How to avoid water damage (and what to do if it happens)
Chances are you’re going to have some kind of water damage at home or at work sooner or later. The water heater might leak, a pipe may burst, or water could work its way into an attic – or beyond – during a storm. The ensuing water damage cleanup can be costly and emotionally draining.
That’s why it’s wise to take steps in advance to prevent water damage or at least minimize the impact if it’s unavoidable. “Repetitive water claims can be a red flag,” adds Cook. It could indicate a persistent problem that’s going uncorrected, which could spell trouble for your insurance coverage.
How can I prevent water damage?
- Turn your home’s water off at the main before leaving for vacation. Not much can feel worse than coming home to discover water has been flowing unimpeded for days, soaking the house and your possessions.
- Keep air conditioner condensation drain lines clean to prevent overflow. It’s also extremely important to keep your HVAC unit in operation and maintain indoor humidity between 30% – 50%.
- Check washing machine hoses regularly and replace any that are frayed or cracked.
- Check for leaks around sinks and toilets, including water supply lines.
- If your refrigerator has an icemaker, check for leaks around the water supply line and look for wet spots on the floor. Replace the supply line if you find a leak.
- Your water heater must have a drain pan and you need to be sure it drains out of the house
- Inspect the bottom of the water heater regularly for rust. Repair or replace the water heater if you do find rust.
- Clean gutters regularly and make sure water flows from downspouts away from the building. (Caution: damage is not covered by insurance if this isn’t done right.)
- Install pipe boots around all vents on the roof to prevent water from entering the building.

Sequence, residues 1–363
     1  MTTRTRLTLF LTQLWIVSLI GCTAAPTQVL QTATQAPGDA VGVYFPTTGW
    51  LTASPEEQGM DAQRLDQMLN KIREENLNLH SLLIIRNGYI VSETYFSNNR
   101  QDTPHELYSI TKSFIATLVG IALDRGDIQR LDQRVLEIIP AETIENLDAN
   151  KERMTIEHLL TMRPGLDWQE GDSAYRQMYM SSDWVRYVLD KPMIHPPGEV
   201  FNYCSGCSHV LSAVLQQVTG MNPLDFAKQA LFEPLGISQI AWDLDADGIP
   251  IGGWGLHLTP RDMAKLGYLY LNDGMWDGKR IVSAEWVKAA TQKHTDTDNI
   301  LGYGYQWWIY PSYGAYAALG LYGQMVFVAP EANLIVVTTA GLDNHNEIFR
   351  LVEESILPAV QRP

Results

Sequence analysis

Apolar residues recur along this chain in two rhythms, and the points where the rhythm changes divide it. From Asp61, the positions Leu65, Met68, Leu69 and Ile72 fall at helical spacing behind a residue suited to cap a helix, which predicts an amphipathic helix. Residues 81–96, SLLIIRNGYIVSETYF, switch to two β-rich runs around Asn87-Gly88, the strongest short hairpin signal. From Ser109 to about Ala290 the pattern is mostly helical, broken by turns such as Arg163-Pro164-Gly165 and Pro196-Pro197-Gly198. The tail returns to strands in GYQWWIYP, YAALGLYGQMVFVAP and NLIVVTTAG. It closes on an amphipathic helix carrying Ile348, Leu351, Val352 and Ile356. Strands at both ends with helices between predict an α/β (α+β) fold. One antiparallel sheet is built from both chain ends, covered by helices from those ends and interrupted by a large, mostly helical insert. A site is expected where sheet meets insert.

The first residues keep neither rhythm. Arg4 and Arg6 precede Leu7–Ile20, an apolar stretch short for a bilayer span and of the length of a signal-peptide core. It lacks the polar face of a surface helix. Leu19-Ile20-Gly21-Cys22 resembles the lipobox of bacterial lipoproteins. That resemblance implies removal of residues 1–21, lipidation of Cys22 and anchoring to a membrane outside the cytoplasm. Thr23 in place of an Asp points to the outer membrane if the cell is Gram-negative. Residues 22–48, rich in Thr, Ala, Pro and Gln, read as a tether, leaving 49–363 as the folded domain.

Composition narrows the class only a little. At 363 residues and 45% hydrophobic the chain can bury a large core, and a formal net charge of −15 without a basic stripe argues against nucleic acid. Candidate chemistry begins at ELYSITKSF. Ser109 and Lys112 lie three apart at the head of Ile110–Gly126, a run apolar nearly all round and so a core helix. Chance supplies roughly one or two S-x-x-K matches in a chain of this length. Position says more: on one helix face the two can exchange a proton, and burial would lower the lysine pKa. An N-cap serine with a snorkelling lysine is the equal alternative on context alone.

I’ve had water damage…now what?
The first thing your agent will expect you to do is take the necessary steps to mitigate the damage and protect the property. After any damage a great question to ask yourself is, “what would I normally do if I didn’t have insurance?” Your answers will point you in the right direction.
- Time is critical – water mitigation services should be started on day 1 to minimize the damage and prevent mold.
- If a basement is flooded, do not go into the water – it could be energized by your electricity. Leave it to a professional to handle.
- Relocate any contents (furniture, boxes, etc.) from the wet area to a dry area as soon as possible. Be careful where you place them, as wet items could stain carpet. You can minimize the risk by placing aluminum foil underneath the items until a professional restoration service can arrive.
- If valuable or irreplaceable items such as books, photos, etc., are wet, rinse them with the cleanest water available (preferably distilled water) and then freeze them to preserve and stop further damage.
Best time to make a decision
Pre-qualifying and choosing a restoration contractor before disaster strikes is a good idea. After all, the best time to make a decision is NOT in the middle of the night during a crisis. It’s now, during peace and quiet.
If the unavoidable happens, BluSky will extract the water, dry your structure, and restore your contents. Call us at 888.882.5875 to learn more.